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Artificial Intelligence

Cutting Edge AI from Thoughts into Text, to Advanced Car Parking




Among cutting edge AI applications is a parking management system from Pixevia can communicate with customers and lot operators to automate parking. (GETTY IMAGES)

By AI Trends Staff

Neuroscientists at the University of California, San Francisco, are working on an AI program to turn thoughts into text. If it works, it has the potential to help many people with speech disabilities to easily communicate.

Less lofty but similarly ambitious, the company Pixevia is working on integrating computer vision and advanced algorithms into an advanced ecosystem around parking.

Both are examples of AI at the cutting edge. Here we review selected examples.

The UC San Francisco scientists recently published a paper on their work in the scientific journal Nature Neuroscience. “We exploit the conceptual similarity of the task of decoding speech from neural activity to the task of machine translation; that is, the algorithmic translation of text from one language to another,” they state in the paper.

The researchers used human trials to test out their hypothesis, according to an account in Popular Mechanics. They implanted electrodes into the brains of four participants with epilepsy to monitor their speech. Each person then reads sentences aloud from one of two datasets: a set of picture descriptions with 30 sentences and 125 unique words, with another dataset composed of 460 sentences and some 1,800 unique words.

Each participant read 50 sentences aloud multiple times. Lines included, “Tina Turner is a pop singer.” As each person spoke, the researchers monitored their brain activity. They then input data into a machine learning algorithm that could convert the brainwaves into strings of numbers that could then be converted back into words in another part of the system.

The system improved over time and in one case achieved 97% correct.

Automating Parking in Lots Up to 100 Spaces

For the parking lot applications, Pixevia is automating lots of up to 100 cars for the lot owners, so that no one has to be working at the lot, according to an account in techopedia. The company’s system combines license plate recognition and real-time information on space availability to customers and lot operators. The system can administer payments as well, by comparing license plates to payment information from car owners. No barriers are required.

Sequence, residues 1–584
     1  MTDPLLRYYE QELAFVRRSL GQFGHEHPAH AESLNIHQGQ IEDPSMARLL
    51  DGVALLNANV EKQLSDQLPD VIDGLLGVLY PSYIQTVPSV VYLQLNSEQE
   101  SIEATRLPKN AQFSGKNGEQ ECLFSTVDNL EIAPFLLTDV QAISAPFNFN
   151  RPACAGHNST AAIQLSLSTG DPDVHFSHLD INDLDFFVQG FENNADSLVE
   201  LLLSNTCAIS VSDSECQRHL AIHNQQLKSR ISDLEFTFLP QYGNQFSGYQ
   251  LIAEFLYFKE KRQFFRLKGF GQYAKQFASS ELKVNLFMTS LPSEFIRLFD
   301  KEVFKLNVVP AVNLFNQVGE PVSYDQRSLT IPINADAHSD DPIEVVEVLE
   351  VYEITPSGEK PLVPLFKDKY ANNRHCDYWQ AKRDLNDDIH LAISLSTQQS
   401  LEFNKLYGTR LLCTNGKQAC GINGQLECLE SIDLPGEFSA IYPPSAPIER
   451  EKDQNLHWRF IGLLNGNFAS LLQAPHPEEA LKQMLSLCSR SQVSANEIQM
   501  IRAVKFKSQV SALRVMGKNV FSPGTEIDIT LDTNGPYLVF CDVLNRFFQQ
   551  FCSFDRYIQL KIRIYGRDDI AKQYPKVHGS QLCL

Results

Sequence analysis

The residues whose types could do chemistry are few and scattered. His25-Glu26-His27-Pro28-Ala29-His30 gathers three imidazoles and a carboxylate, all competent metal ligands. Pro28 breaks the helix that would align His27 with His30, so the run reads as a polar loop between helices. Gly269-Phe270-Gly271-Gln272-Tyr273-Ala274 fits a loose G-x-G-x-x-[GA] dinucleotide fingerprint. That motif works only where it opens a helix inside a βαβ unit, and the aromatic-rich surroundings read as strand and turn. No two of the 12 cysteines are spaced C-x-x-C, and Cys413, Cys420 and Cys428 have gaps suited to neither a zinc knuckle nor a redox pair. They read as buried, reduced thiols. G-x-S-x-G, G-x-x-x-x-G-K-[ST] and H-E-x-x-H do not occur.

In a related area, AI is being applied to try to improve traffic flow in cities. Researchers at the Department of Energy’s Lawrence Berkeley National Lab are working on a tool based on deep reinforcement learning models, called CIRCLES (for Congestion Impact Reduction via CAV-in-the-loop Lagrangian Energy Smoothing) to smooth traffic in congested cities.

The model simulates high volumes of traffic operating in everyday scenarios. It is being designed to connect to autonomous vehicles. The potential is for energy consumption and traffic jams to be reduced but cutting down on stop-and-go-traffic. Air quality could be improved by use of deep learning algorithms in combination with satellite images with traffic information obtained from smartphones and environmental IoT sensors.

Automatic license plate reader software, such as deployed by Rekor, can be used to recognize vehicles for real-time detection of crimes and violations.

In emotion detection, systems powered by AI can detect human emotions without visual input. Researchers at MIT have developed EQ Radio, a system that learns to identify human emotions based on heartbeat data collected by wireless signals. This technology could be used potentially by smart homes to detect if a resident is experiencing a heart attack, according to a recent review of cutting edge AI applications from The Burnie Group.

In geospatial analytics, computer vision is used to gather and compare satellite imagery with historical data to develop insights into economic trends. Orbital Insight, for example, can predict retail sales based on satellite images of retail store parking lots.


Read the source articles and information in Nature Neuroscience., Popular Mechanicstechopedia, at CIRCLES and from The Burnie Group.


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